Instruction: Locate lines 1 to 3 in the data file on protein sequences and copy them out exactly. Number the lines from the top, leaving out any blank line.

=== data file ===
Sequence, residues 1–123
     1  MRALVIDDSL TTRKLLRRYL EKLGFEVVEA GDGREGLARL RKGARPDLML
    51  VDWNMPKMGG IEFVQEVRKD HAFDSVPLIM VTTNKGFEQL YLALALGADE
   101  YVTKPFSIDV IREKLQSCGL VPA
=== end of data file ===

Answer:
Sequence, residues 1–123
     1  MRALVIDDSL TTRKLLRRYL EKLGFEVVEA GDGREGLARL RKGARPDLML
    51  VDWNMPKMGG IEFVQEVRKD HAFDSVPLIM VTTNKGFEQL YLALALGADE